Brain Dead in D.C.

Praying for Terry Schiavo in 2005.
Praying for Terry Schiavo in 2005. (photo: AFP)

Catholics aren’t the only ones discussing the question of when life ends.

A case now before a court in Washington, D.C., involves a 12-year-old boy whose brain has stopped functioning completely, according to doctors, but whose body is being kept alive by drugs and a respirator. The boy’s Orthodox Jewish parents reject their son’s medical diagnosis of death, asserting that the teachings of their faith about the end of life should take precedence over the determination of doctors.

There are some parallels between the Washington case and the decision that ended the life of Terry Schiavo in 2005, but Schiavo displayed much more brain activity before she died following the withholding of nutrition and hydration by court order.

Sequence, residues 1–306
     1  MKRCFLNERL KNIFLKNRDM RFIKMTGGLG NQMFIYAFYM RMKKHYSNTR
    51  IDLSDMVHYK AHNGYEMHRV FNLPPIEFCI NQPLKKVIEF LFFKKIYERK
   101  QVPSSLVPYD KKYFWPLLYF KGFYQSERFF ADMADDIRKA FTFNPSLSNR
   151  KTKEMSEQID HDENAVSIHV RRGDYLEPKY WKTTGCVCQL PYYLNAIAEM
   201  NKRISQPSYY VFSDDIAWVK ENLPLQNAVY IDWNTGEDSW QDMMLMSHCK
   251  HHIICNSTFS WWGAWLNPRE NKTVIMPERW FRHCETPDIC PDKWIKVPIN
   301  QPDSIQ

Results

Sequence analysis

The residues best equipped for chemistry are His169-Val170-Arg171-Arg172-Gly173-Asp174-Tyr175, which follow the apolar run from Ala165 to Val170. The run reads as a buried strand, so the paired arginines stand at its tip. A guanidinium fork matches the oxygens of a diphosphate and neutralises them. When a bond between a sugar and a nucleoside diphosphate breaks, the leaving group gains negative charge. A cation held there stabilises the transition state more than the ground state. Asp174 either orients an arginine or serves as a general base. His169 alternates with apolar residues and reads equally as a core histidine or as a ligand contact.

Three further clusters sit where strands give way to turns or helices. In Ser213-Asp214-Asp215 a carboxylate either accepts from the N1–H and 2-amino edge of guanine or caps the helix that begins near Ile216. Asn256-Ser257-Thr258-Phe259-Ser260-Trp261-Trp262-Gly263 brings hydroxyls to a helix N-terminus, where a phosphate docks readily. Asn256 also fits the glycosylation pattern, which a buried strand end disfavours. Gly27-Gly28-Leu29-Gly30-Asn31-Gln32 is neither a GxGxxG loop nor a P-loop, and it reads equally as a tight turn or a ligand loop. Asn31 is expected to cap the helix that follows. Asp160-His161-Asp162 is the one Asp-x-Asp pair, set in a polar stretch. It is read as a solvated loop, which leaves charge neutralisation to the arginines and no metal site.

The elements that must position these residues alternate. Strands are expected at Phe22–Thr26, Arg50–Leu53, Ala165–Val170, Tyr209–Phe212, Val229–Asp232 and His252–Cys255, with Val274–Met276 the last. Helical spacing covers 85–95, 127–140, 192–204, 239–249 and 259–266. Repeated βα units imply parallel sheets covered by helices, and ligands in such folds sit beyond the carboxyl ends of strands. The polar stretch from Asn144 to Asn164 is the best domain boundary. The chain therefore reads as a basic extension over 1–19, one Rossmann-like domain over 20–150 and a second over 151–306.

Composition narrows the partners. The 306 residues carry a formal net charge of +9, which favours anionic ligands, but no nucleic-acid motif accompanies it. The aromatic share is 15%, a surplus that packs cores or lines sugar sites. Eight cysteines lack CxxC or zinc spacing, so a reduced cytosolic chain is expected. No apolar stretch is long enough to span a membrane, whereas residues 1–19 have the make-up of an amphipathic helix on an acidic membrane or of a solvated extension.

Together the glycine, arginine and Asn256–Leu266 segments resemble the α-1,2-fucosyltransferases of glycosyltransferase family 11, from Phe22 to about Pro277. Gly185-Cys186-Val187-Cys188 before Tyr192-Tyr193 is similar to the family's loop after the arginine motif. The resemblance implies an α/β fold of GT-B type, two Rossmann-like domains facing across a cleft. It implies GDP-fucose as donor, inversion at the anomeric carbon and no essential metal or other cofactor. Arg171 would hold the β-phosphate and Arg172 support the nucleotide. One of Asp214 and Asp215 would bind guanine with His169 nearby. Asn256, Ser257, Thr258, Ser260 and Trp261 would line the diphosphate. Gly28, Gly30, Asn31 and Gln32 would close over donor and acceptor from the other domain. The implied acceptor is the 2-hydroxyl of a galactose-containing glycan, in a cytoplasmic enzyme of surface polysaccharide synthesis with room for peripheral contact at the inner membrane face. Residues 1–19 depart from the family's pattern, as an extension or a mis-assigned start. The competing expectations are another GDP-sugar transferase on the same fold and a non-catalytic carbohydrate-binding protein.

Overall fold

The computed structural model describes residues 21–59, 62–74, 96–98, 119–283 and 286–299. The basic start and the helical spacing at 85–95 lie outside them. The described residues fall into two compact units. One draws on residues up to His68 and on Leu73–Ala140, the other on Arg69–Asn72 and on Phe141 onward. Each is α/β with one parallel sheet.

The D.C. case has prompted the posting of this article on the Slate website discussing the various criteria applied by Jews, Christians, Muslims and Buddhists to settle the question of when death can be said definitively to have occurred. According to the article, all four faiths continue to wrestle with the issue.

The Slate article provides no guidance as to the views of atheists on brain death. But this inane bus-ad initiative — timed to coincide offensively with Christmas celebrations in the nation’s capital — could cause some folks to speculate whether the brains of the atheists who launched it have stopped functioning already.

— Tom McFeely